Different methods of reliability analysis have been used in the recent decades both in geohazards research and its practical implementation, to assess the output uncertainty in landslide run-out models due to uncertain input parameters, or to quantify the uncertainty of derived metrics such as the Factor of Safety (FoS). Point Estimate Method (PEM) (Przewlocki et al., 2019), First Order Second Moment method (FOSM) (Kaynia et al., 2008), First Order Reliability Method (FORM) (Sun X. et al., 2021a), and Monte Carlo Simulations (MCS) (Cepeda et al., 2013; Liu et al., 2019; Brezzi et al., 2021) are examples of such methods. Dalbey et al. (2008) presented several standard and new methods for characterising the effect of input data uncertainty on model output for hazardous geophysical mass flows.

PEM is a simple way to determine the expectation (mean), variance, and skewness of a variable that depends on a random input, by evaluating the function at a low number of pre-selected values. Additionally, MCS grants access to the complete probability distribution even in complex problems (Fenton and Griffiths, 2008). However, it requires a large number of model evaluations, so-called realisations, at randomly selected inputs following a pre-determined statistical distribution. Przewlocki et al. (2019) used PEM to conduct a probabilistic slope stability analysis of a sea cliff in Poland, and compared the moment estimates with results from MSC. Mean and standard deviation values of FoS yielded similar results, and PEM was favoured as it required a lower number of model realisations, hence lower computational costs for a seemingly similar information outcome. Tsai et al. (2015) also obtained similar estimations by comparing PEM and MSC, but pointed out the effects of correlation between input variables. Earlier works also highlighted the limited feasibility of PEM for an increasing number of input variables, as 2^{n} estimations are required for *n* input variables (Christian and Baecher, 1999; 2002). Therefore, it is more feasible to handle problems characterised by a low-dimensional input parameter space with PEM, while high-dimensional problems quickly become computationally infeasible.

MCS has also been widely used for practical uncertainty quantification owing to its simplicity of implementation. Liu et al. (2019) and Ma et al. (2022) used MCS to quantify uncertainty in landslide run-out distance due to uncertain soil properties. Brezzi et al. (2021) performed uncertainty quantification of the Sant’Andrea landslide using MCS. They assumed the two friction parameters (Coulomb friction and turbulent friction) in a depth-averaged Voellmy-Salm type approach to follow independent Gaussian distributions, and then studied the induced uncertainty in deposit heights. The major challenge of using MCS for uncertainty quantification in landslide run-out modelling is the high computational cost, as pointed out by many researchers (Dalbey et al., 2008; McDougall, 2017; Aaron et al., 2022; Zhao and Kowalski, 2022).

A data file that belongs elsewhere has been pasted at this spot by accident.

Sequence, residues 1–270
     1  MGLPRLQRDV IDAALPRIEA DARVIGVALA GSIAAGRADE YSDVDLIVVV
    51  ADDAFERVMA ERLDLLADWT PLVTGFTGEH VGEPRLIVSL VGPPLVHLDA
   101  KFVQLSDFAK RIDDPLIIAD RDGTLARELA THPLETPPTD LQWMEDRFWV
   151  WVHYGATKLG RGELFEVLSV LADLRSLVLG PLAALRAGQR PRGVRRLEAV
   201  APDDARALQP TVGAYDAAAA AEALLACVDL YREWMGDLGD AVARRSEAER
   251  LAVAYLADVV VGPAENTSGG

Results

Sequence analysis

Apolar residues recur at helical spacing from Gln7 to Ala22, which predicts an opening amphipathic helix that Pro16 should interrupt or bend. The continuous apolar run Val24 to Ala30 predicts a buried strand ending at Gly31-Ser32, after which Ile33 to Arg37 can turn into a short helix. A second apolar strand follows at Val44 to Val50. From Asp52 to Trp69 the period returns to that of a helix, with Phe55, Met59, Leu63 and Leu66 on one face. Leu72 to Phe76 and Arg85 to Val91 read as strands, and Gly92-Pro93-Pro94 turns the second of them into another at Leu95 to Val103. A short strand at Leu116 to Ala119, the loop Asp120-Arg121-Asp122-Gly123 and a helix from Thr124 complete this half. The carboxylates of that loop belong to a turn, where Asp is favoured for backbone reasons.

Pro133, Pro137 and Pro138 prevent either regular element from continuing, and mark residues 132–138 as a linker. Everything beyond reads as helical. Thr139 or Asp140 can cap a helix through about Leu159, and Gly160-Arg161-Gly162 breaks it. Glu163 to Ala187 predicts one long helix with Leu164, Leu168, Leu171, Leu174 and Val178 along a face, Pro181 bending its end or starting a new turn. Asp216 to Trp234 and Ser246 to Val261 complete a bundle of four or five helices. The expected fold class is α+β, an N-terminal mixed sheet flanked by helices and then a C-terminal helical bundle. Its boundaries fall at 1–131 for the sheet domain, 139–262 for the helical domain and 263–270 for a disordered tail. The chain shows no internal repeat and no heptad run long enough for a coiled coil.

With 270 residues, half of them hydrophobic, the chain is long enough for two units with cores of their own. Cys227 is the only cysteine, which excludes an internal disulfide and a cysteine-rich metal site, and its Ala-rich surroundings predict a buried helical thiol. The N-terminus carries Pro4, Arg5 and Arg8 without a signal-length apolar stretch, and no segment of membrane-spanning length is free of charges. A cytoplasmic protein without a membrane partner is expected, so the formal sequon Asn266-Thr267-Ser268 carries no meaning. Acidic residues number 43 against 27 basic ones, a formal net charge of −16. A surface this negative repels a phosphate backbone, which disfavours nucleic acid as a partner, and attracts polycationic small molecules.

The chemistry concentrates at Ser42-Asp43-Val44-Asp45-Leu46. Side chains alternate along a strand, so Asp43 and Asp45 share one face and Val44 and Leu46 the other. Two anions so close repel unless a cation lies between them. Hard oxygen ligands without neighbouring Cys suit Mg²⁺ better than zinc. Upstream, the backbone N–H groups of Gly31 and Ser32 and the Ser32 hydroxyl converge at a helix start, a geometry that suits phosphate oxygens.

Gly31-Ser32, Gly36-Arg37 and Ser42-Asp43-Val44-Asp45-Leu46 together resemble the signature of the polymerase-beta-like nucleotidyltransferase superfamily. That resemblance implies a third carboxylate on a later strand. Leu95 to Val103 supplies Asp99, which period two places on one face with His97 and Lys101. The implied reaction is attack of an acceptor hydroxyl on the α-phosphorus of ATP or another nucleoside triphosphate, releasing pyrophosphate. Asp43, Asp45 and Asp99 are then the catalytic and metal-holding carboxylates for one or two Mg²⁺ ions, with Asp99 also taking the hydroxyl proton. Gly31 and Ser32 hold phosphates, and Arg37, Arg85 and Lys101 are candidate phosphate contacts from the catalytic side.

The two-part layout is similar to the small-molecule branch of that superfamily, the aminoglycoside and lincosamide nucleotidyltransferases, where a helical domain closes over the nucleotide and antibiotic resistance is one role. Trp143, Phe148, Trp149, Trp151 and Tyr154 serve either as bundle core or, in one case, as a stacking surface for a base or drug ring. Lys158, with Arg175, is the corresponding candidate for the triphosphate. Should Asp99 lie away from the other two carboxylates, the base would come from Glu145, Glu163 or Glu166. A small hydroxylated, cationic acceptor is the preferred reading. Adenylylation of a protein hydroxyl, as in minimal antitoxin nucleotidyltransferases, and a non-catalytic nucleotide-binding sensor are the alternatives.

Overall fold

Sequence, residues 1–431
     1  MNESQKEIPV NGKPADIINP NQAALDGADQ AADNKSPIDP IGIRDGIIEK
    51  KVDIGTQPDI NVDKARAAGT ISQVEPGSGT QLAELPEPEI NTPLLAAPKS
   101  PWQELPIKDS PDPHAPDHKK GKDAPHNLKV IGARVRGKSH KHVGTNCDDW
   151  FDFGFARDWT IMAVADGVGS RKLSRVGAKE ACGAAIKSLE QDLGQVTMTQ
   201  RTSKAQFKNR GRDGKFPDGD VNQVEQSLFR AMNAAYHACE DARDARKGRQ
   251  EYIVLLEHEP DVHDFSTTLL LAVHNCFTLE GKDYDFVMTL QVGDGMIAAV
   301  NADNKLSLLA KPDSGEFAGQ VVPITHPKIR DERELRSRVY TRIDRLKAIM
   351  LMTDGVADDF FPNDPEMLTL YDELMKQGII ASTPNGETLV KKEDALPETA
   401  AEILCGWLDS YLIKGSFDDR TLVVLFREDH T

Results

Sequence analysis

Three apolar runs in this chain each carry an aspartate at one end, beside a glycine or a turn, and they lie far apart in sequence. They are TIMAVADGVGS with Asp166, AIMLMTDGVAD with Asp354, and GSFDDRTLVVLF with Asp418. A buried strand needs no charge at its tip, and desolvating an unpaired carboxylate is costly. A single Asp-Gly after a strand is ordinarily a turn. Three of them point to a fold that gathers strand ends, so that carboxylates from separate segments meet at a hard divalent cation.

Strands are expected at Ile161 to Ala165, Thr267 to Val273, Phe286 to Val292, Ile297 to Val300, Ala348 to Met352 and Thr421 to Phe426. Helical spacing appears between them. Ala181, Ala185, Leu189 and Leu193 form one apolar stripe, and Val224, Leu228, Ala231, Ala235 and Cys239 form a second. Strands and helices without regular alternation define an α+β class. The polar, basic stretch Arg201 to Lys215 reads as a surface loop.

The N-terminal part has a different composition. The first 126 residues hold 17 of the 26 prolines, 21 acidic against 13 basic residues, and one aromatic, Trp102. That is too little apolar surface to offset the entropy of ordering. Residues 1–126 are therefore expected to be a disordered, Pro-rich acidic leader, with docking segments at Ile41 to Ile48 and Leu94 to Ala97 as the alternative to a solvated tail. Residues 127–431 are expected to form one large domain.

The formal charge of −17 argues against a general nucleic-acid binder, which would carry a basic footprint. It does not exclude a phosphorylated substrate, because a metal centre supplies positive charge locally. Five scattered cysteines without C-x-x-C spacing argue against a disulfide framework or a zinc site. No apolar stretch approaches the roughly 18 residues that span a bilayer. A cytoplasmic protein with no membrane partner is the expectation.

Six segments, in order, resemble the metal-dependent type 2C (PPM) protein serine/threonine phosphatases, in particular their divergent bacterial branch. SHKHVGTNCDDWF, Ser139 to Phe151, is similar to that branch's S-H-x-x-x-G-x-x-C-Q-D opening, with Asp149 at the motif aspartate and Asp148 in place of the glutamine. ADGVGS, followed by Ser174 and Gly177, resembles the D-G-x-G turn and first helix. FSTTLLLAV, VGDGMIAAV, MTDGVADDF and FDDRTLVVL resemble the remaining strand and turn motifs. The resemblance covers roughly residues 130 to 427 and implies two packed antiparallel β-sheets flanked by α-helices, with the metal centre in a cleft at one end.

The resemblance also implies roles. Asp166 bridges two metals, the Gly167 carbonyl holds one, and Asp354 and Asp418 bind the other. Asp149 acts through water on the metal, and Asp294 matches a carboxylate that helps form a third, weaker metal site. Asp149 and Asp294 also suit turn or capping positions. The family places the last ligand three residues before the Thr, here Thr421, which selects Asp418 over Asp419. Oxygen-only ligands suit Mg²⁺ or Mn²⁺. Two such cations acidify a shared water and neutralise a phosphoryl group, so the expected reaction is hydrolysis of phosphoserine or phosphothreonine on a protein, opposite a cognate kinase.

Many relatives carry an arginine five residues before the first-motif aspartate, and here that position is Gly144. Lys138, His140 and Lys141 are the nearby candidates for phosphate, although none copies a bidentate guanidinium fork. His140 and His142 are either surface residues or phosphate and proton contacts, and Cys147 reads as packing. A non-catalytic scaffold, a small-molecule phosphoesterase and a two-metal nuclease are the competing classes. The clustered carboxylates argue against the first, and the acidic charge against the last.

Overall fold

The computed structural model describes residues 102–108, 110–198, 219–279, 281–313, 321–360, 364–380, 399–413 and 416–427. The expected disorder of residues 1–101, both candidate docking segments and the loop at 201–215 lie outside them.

As PEM relies on a much lower number of sampling points compared to MCS, the probability distribution function (PDF) of the output cannot be reliably approximated for a general non-linear process model, such as a landslide run-out model in complex topography. MCS provides an approximation of the PDF, but it creates a computational bottleneck when the forward-model is complex and subject to long runtimes. Physics-based machine learning, i.e. creating a surrogate by training a data-driven model with results from a physics-based simulation, can overcome the computational bottleneck of highly-throughput tasks such as uncertainty quantification. The surrogate model can be sampled, instead of the sampling from the forward model, and hence the PDF of the quantity of interest can be calculated efficiently. An example of physics-based machine learning techniques proven to be effective in many applications related to geohazards is Gaussian Process Emulation, with successful demonstrations in landslide run-out models (Zhao et al., 2021; Zhao and Kowalski, 2022) and stability of infrastructure slopes (Svalova et al., 2021).